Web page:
• HOSTSEARCH: Do you have any plans to develop a total solution for the web hosting industry? At the moment, players offering the Microsoft hosting platform have to install Windows 2003 server and then configure the OS for a web hosting environment. The control panel is also installed separately. Why not build up a special version of Windows only for hosting providers? Or maybe even a version of Windows for home use that allows people to host their own website, at home, with a simple configuration interface? Would this be possible? Is it something Microsoft is interested in?
    JOHN ZANNI : Microsoft is fundamentally a platform company that develops enabling technology so people can then use their creativity, skills and knowledge to build what is needed. Over time, you will see that our products will have more and more features that make it easier to build and maintain a platform so hosters can focus more time and energy towards giving customers a higher quality and more differentiated product.

    For the foreseeable future, there will always be some level of configuration. Hosting is a complex business. A hoster needs to look at many factors when creating the optimal hosting infrastructure. The final configuration will depend both on technical and business goals for that hoster. That is why we created the Microsoft Solution for Windows-based Hosting. It provides guidance based on a hoster's specific goals.

    You can host you own website at home today. All you would need is to turn on IIS and create a web site using a tool like Microsoft Frontpage or Visual Studio Express, but I'm not sure why anyone would choose that route today with the level of service being offered by hosting providers. Hosters provide security, reliability and redundancy benefits that would be costly to implement at home. For my personal web site I use a hoster.
  • HOSTSEARCH: According to a recent press release Microsoft circulated recently, "the number of hostnames on Windows servers grew by 4.5 million, giving Microsoft 29.7% market share, a gain of 4.25% for the month". What do you attribute this trend to? What's Microsoft doing right?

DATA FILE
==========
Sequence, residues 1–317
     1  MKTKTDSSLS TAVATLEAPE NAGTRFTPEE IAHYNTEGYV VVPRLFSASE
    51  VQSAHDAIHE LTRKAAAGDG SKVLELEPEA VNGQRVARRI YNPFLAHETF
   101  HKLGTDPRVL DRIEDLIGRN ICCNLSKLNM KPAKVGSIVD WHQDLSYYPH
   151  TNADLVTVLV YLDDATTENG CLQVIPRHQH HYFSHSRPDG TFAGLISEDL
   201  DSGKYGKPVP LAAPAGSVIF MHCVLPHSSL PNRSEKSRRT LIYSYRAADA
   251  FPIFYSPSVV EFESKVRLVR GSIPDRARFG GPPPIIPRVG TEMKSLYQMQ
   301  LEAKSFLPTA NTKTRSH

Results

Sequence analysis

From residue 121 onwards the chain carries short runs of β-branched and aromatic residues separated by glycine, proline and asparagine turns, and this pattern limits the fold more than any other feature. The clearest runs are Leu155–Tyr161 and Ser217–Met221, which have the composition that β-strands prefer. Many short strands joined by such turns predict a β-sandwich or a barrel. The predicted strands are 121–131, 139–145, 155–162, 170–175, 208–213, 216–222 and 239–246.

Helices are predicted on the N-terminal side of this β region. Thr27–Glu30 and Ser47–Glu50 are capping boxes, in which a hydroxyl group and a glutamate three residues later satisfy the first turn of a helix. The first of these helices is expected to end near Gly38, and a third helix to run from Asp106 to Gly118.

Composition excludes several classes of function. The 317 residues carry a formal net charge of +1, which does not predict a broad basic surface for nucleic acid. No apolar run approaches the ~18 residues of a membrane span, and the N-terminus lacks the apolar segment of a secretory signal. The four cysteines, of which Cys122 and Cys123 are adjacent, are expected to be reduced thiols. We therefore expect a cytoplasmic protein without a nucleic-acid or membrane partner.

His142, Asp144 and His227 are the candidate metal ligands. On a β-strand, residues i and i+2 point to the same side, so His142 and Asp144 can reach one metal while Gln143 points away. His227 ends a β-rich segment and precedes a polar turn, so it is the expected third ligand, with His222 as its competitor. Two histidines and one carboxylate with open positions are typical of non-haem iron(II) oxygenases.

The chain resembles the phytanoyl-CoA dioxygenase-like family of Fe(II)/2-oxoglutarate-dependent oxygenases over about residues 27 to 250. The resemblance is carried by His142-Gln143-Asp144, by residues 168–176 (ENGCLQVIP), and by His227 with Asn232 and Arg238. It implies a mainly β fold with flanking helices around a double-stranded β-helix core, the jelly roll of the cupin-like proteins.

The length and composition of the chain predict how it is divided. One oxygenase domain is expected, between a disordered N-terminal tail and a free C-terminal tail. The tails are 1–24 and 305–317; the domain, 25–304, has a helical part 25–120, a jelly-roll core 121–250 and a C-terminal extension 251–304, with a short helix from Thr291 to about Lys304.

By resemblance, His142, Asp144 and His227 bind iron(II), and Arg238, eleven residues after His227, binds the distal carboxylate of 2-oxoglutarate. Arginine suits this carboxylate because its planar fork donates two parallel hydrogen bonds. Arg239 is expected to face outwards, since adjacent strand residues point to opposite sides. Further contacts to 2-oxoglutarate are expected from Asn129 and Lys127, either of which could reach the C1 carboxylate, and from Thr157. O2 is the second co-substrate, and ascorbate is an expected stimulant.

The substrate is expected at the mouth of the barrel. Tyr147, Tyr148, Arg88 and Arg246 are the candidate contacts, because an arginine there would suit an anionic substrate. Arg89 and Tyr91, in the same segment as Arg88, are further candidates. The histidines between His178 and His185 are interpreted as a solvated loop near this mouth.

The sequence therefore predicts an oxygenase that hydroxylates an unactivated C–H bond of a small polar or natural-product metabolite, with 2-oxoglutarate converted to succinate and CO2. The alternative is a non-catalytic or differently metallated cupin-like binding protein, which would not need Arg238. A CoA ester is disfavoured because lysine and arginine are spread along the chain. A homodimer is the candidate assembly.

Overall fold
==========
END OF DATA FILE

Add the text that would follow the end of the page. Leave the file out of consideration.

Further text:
JOHN ZANNI : Over the past several years, we've seen the market evolve as end-users are looking toward the software as a service model rather than purchasing off the shelf software.  As we began focusing on this market, trying to better understand what the needs would be from the hoster and ISV perspectives, we really wanted to focus on solving problems and to act as the enabler.

    One of Microsoft's advantages in this market is the ability to look at a problem from end to end. Since the company has its own server and application software, developer tools and end user products, we can see what is needed in the market and provide an integrated experience for customers.  

    These numbers are telling us that hosters are choosing Windows because it is the best platform for their business and customers.
  • HOSTSEARCH: Again, according to Netcraft, despite Microsoft's gains, Apache still has a lead of 31.5% over Microsoft. Recent figures may have been influenced by some major transitions by big hosting players such as Go Daddy, so how does Microsoft intend to redress the balance?
    JOHN ZANNI : While the Netcraft numbers are interesting and fun to look at, from our perspective, they're just the barometer, not the end game.  While we'd like to be the leader, our focus is really on providing the solutions that help hosting providers grow their businesses.  It's our job to demonstrate how we can help providers achieve that goal, and if we're successful, the Netcraft numbers will take care of themselves.  

    That is what you are seeing with GoDaddy, for example. They are focused on what is good for their customers and for their business. The growth you are seeing implies that the business and their customers are demanding it.
  • HOSTSEARCH: HostSearch often reports on web hosts who receive Microsoft Gold Certified Partner Status. Just what are the advantages of such a status as far as a web host is concerned and what does it mean for a web host's customers?